Even when Trump ultimately does the right thing on separation of powers issues, it is usually more a matter of short-term political expediency than a true restoration of constitutional constraints. For example, Trump was right to put an end to illegal Obamacare subsidies that had not been authorized by Congress. But he did so only after a failed effort to use the subsidies as leverage to extract concessions from Congress. The message here is not that the president won't spend money without congressional authorization, but that he will only do it when it might be politically advantageous. In this instance, Trump is like a thief who claims to be reformed, but actually only stopped stealing because he no longer wanted particular type of stolen property.

Finally, there is the matter of Trump's open disdain for "so-called judges," freedom of the press, and other constitutional constraints on his power. It is easy to dismiss all of this as mere words. Who cares what Trump says on his Twitter account? But such dismissals ignore the fact that adherence to constitutional limits on government power depends on norms, not just judicial decisions or formally enacted policies. When those norms are undermined—especially by the most powerful government official in the land—future breaches of the Constitution become more likely—and more thinkable. A political culture that accepts presidential disdain for the judiciary or for freedom speech, is one that becomes less likely to curb future abuses of power.

In one sense, of course, Trump's bad behavior may strengthen the separation of powers in the long run. It might lead Americans to have a greater appreciation for the need to constrain presidential power. I hope that happens. But I very much fear that, instead, Trump's abuses will serve as precedents for similar or worse ones by his successors—just as Trump himself has built on those of Bush and Obama. That is all the more likely to happen if Trump manages to get away with his abuses without paying a substantial political price. Ironically, therefore, the best way to make sure that Trump helps make separation of powers great again is to recognize that he is actually trying to do the opposite, and penalize him for it.

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  1. So, immigration, mostly. Not surprised.

    Yeah, I’m not happy about the forfeiture, either. But the answer to that is repeal of those laws, no?

    1. Ilya is nothing if not a broken record. I appreciate where he comes out on immigration but… yeah, you shouldn’t expect him to write on anything except a handful of his favorite topics.

    2. Just an intro of his Libertarian greatest hits to the new Reason audience (some of whom actually are Libertarian versus the more standard right wing partisans who flocked like self-destructive moths to the flame of WaPo).
      .
      Nothing to see here, move along.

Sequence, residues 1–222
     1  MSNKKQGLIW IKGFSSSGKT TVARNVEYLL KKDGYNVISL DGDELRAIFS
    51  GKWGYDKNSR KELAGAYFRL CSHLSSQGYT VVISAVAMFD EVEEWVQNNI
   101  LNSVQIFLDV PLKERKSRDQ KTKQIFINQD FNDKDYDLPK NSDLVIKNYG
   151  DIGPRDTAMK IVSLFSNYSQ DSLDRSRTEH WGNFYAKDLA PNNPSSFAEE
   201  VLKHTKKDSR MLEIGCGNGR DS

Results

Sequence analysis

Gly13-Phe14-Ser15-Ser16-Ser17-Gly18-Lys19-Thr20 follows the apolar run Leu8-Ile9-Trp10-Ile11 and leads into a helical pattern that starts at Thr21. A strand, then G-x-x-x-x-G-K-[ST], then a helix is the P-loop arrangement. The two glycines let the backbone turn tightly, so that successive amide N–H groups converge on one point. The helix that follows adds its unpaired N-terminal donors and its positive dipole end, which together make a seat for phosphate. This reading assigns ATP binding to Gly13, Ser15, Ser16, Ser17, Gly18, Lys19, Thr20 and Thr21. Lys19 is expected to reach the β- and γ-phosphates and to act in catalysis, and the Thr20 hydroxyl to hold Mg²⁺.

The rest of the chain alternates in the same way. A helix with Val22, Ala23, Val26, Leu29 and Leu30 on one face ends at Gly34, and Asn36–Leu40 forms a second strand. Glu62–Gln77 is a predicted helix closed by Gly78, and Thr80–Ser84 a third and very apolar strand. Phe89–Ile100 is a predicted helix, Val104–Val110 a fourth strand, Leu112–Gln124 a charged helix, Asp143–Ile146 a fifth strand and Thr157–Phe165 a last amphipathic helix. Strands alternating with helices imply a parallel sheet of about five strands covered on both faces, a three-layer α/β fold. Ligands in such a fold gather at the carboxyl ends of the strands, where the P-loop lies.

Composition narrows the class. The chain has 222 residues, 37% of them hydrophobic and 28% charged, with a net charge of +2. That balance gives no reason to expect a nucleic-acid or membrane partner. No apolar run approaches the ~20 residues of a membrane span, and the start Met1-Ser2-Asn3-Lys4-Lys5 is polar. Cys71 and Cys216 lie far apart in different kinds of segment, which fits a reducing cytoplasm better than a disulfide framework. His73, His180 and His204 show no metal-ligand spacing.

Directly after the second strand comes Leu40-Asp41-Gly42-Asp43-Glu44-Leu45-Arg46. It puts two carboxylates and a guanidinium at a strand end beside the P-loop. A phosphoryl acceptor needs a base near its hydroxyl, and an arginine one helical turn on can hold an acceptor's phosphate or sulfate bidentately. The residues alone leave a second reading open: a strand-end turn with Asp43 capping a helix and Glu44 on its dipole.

1. It will be interesting to see whether the Conspiracy’s genuine libertarian fares better among commenters at Reason than he did among the right-wingers and faux libertarians who blistered him at the Post.

        It also will be interesting to observe how Reason’s audience reacts when the Conspiracy’s movement conservatives unpack their boxes from the move and don their libertarian drag.

    3. There is something unique and special about being authoritarian on immigration, because it’s just super important, unlike that other stuff that the President wants to deregulate, which is unimportant, except deregulating it is really important.

      Immigration stirs up racists and nationalists in the base. You’re smarter than that, so I suspect this is all about preserving a perpetual Republican majority, and immigration poses a threat to that. Since you believe Republican government actually is more moral, that’s not an offensive position. But at least with Gerrymandering Republicans are honest about the intent. For immigration and voter fraud, Republicans just lie about or manufacture problems, because they don’t have the stomach to publicly state what those policies are really about.

      1. Most people understand that, without borders, you don’t have a country. And even Ilya isn’t totally opposed to border enforcement, I assume; Though he’s never confirmed it, I’m guessing he’d make an exception for large groups of identically dressed, armed immigrants crossing the border in formation.

        Or perhaps he’d insist that nothing be done until they opened fire?

        See, as my generation of libertarians understood, you can’t get together to do something, (Including getting together to be free.) if you can’t exclude people who don’t want to do that something.

        And, rather critically, there’s that little path dependence in implementing libertarianism: Even if a nightwatchman state could afford free immigration, a welfare state can’t, and we are still a welfare state. Worse: We’re a welfare state next to a third world country!

        1. So, in a welfare state, what is the better way to control immigration’s costs? Is it to ramp up enforcement, require every employer to verify legal status, infringe upon rights to privacy along all borders, coasts, and international entry points, conduct countless raids and maintain an archipelago of detention facilities for immigrants being “processed,” and on and on, all to try to fight a black market of labor and human trafficking that nonetheless springs up? Or is it to treat illegal immigration as the administrative problem that it actually is, onramping voluntary, otherwise lawful, and productive immigrants into our society and economy in the least disruptive way possible?

        2. You would consider another nation’s military crossing our border an immigration issue? That has got to be the hottest take I’ll see all day. I hope.

        3. I’m not advocating for open boarders, the Democratic platform does not call for open boarders, etc.